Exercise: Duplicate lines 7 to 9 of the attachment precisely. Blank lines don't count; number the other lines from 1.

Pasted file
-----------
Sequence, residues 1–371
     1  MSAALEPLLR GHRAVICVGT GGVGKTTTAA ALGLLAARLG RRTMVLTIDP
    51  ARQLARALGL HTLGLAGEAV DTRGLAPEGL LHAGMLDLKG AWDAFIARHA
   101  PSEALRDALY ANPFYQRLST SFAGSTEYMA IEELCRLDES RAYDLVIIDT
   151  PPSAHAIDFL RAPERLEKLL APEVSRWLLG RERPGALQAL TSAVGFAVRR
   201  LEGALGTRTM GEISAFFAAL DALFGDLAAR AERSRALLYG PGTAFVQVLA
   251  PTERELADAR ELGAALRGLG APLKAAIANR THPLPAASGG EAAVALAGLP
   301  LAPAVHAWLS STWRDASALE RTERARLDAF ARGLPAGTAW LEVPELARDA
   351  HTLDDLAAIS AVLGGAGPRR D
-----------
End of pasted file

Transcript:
   251  PTERELADAR ELGAALRGLG APLKAAIANR THPLPAASGG EAAVALAGLP
   301  LAPAVHAWLS STWRDASALE RTERARLDAF ARGLPAGTAW LEVPELARDA
   351  HTLDDLAAIS AVLGGAGPRR D